The federal government has approved a significant offshore wind energy zone off the New South Wales South Coast.

Federal Climate Change Minister Chris Bowen has announced the creation of a zone projected to generate 2.9 gigawatts of renewable power - enough to supply energy to 1.8 million homes, according to reports.

Stretching from Stanwell Park to Kiama over 1,022 square kilometres, the zone has been modified in response to community concerns. 

Initially, the wind farms were to be positioned 10 kilometres offshore, but they will now be situated 20 kilometres from the coast. 

This adjustment aims to address issues raised during the community consultation process regarding the visual impact on the coastline and potential marine environment damage.

This is the fourth approved offshore wind zone in Australia, joining those near the Hunter region in New South Wales and Gippsland and Portland in Victoria. 

The designation of these zones allows windfarm developers to initiate project proposals for the specified areas.

The decision follows extensive consultation, which generated intense debate within the coastal community. 

Some residents opposed the change to their pristine coastline's appearance, while others expressed concerns about the marine environment. 

The zone has also been reduced by a third to exclude areas significant for penguin habitats and southern right whale migration paths.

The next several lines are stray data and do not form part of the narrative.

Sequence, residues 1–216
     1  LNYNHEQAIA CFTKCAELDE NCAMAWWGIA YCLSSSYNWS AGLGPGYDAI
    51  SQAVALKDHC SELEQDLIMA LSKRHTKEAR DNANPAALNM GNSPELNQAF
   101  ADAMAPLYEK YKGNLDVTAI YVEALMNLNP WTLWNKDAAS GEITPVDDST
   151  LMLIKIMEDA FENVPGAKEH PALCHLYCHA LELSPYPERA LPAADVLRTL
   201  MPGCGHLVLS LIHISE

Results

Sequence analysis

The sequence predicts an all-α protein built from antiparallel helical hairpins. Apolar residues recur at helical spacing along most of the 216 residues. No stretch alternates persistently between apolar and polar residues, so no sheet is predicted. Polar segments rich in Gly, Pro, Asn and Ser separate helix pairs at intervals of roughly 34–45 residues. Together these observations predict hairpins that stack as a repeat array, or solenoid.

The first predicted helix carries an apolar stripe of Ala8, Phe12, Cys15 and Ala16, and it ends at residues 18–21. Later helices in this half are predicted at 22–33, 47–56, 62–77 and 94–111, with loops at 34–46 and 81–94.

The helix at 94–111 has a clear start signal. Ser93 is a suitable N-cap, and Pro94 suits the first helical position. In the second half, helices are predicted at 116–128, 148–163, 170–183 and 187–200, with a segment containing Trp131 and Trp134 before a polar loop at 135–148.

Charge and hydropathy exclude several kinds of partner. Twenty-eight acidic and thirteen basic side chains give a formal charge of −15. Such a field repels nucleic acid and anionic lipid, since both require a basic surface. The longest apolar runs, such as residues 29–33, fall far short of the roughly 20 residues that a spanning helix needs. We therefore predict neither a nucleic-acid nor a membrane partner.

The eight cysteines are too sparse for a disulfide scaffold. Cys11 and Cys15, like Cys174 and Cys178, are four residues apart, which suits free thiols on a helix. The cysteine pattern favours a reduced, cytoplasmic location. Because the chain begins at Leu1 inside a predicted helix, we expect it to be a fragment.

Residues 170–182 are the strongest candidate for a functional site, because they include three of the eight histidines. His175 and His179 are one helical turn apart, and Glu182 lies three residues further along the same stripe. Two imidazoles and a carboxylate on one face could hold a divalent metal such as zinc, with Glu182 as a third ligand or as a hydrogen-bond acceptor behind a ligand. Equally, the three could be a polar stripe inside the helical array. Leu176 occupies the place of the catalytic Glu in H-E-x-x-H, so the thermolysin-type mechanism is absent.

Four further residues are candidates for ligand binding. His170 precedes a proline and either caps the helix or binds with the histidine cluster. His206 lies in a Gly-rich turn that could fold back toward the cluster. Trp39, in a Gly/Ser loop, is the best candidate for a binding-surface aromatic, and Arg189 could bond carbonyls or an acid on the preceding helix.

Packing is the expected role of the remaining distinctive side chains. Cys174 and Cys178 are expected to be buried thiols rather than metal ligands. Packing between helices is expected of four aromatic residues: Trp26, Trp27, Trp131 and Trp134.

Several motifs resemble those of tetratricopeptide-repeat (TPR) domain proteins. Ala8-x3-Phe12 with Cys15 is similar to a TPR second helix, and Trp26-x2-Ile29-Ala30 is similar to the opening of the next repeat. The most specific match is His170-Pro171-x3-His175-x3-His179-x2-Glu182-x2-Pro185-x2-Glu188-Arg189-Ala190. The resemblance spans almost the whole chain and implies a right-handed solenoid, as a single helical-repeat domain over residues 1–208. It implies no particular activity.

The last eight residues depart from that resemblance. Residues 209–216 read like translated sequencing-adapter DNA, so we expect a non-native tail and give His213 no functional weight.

Jennifer Rayner, the Climate Council's head of policy and advocacy, has highlighted the importance of offshore wind in Australia's energy strategy. 

“Offshore wind will be an important part of Australia's clean energy grid because it provides reliable, steady renewable energy right around the clock,” Rayner noted.

The project is still subject to approval under the Environment Protection and Biodiversity Conservation Act. 

If approved, the wind turbines could stand up to 268 metres high, with the final size, arrangement, and number of turbines determined following feasibility studies by prospective developers.

The declaration is the first of five regulatory stages required before construction can begin, including project-specific feasibility, commercial licences, and environmental assessments. 

Developers must demonstrate how their projects will support local jobs and benefit Australian industry and energy security.

Feasibility licence applications for offshore wind projects in the Illawarra zone open from 17 June to 15 August 2024. 

The final declared zone details can be found on the Department of Climate Change, Energy, the Environment and Water’s website.